Visions against Politics

tags: higher education, austerity, HBCUs, academic labor, colleges and universities

Eileen Boris, the Hull Professor of Feminist Studies at the University of California, Santa Barbara, writes on feminized labor in the home and other workplaces. Her latest book is Making the Woman Worker: Precarious Labor and the Fight for Global Standards, 1919–2019. Annelise Orleck is professor of history at Dartmouth College and founding copresident of the Dartmouth AAUP chapter. She has written numerous books and articles on gender, race, immigration, and poor people’s movements.

Note: The Spring issue of Academe table of contents is here.


We confront a challenge much like that which faced President Franklin Roosevelt in 1933. The nation is reeling from the politicization of a raging pandemic that has brought death to hundreds of thousands and unemployment to tens of millions. During summer 2020, millions marched for racial justice and an end to police violence against people of color. These events have deepened decades-old crises in higher education, particularly at public colleges and universities, historically Black colleges and universities (HBCUs), and nonelite private colleges. Scholars for a New Deal for Higher Education, a group to which we belong and whose work helped inspire this special issue of Academe, contends, as FDR did almost ninety years ago, that the time for shrinking government and increasing economic inequality has come to an end. We believe that a twenty-first-century New Deal for Higher Education must go beyond the first New Deal, combating anti-Blackness, advancing racial and gender justice, and promoting substantive equality for all. Without expansive and targeted government programs, our current crises will only deepen. We use the slogan “New Deal for Higher Education” not only in reference to the 1930s but as a vision for the future, in the spirit of those who have called for a “Green New Deal” as a way out of the current climate morass.

The campaign for a New Deal for Higher Education focuses on the ways that interlocking crises have damaged and now threaten the future existence of higher education in the United States. This special issue embraces the call for national measures but also claims that local organizing by campus unions, faculty senates and other governance bodies, student councils, and community stakeholders are necessary to turn any federal policies we may see enacted into real change that brings better working and learning conditions for all. Only mobilization by those who labor and learn within the academy, at the grassroots, can transform advocacy campaigns and legislative proposals into tools for substantive reconstruction of higher education. We offer perspectives from varied constituencies within higher education—and roadmaps for both collective and individual action.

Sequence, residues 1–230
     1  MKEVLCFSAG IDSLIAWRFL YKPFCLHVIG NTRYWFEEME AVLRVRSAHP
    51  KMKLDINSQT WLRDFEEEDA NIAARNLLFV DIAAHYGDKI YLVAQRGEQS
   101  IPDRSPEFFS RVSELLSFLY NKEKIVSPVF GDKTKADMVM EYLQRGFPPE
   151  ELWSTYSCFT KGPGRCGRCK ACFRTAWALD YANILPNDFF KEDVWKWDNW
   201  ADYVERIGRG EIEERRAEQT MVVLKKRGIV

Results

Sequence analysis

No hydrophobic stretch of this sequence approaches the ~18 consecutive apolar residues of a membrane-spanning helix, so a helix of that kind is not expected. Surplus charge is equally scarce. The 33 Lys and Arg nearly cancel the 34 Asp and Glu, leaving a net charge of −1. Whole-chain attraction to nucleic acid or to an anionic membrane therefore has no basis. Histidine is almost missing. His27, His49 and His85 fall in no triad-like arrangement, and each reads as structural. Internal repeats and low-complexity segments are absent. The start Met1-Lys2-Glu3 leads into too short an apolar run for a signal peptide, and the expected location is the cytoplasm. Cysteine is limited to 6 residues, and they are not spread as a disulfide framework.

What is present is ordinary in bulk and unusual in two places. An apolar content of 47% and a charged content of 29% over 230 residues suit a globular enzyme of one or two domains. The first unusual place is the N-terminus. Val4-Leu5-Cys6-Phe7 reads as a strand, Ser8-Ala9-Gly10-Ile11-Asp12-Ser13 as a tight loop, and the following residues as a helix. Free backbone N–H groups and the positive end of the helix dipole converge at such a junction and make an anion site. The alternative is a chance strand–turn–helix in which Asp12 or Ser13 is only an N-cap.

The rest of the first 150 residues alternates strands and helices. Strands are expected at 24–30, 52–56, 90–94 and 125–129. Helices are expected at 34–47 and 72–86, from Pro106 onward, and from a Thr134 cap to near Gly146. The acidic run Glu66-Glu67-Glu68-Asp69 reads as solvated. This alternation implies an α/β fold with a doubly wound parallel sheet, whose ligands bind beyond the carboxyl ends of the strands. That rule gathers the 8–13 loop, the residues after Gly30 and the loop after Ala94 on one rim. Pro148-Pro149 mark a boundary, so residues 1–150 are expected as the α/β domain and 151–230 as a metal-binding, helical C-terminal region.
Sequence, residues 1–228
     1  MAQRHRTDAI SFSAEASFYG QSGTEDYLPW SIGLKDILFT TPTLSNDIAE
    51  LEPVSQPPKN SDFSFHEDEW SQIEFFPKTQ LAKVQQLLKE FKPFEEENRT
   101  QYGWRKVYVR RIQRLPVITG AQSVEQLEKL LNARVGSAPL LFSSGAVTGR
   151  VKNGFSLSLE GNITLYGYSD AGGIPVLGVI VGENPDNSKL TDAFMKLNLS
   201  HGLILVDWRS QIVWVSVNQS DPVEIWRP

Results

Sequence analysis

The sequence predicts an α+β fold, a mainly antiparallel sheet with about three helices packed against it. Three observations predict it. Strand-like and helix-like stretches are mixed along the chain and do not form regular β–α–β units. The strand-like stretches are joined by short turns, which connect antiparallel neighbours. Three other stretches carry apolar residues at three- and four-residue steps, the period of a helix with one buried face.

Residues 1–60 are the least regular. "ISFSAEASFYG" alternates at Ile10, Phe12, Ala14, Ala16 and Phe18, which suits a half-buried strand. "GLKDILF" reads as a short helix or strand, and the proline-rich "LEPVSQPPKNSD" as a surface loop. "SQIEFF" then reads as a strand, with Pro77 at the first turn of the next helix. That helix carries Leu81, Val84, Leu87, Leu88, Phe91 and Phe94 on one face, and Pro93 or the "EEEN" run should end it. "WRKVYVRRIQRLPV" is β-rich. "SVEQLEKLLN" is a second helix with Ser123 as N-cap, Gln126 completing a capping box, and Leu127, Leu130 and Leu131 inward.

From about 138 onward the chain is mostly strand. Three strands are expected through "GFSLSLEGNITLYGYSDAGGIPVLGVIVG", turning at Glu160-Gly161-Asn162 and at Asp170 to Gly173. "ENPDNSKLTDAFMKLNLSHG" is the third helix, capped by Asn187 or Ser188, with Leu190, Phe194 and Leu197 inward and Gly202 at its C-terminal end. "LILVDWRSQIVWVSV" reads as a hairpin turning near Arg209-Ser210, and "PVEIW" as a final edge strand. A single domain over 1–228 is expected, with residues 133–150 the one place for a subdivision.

There has been much discussion of the costs to colleges and universities of remaining open during the pandemic. But COVID-19 did not cause the current crisis in higher education. Decades of declining federal and state funding have slowly starved higher education in our country. The cuts started when greater numbers of first-generation students and people of color were entering college and women students became a majority on many campuses. Adjunctification of the profession intensified just as prospective faculty members from previously underrepresented groups began seeking tenure-track positions in greater numbers. Increasing government aid, however, is only a first step. Some universities spent 2020 stimulus funds to retire institutional debt instead of giving short-term relief to adjunct faculty or student workers, providing care assistance to workers, or using funds to bridge the digital divides between tenure-line and contract faculty and between affluent and poor students.

A crisis is an opportunity for bold action. As the essays in this issue argue, now is the time to end the starvation of higher education through cutbacks in local, state, and federal government funds; to reemphasize teaching, research, and learning as core priorities; to stop the endemic wage theft faced by contingent faculty and graduate student instructors alike; to forgive individual student debt and make college accessible to all students, regardless of their ability to pay; to provide living wages to college and university staff, including maintenance crews and health aides, clerks, and lab assistants; to end the subcontracting of essential services and extend to all education workers the right to join a union and engage in collective bargaining; to enhance democratic governance; to support HBCUs; to restore higher education teaching as a middle-class profession rather than, as it too often is, a poverty profession; and to make college education an affordable path for all people.


Read entire article at Academe

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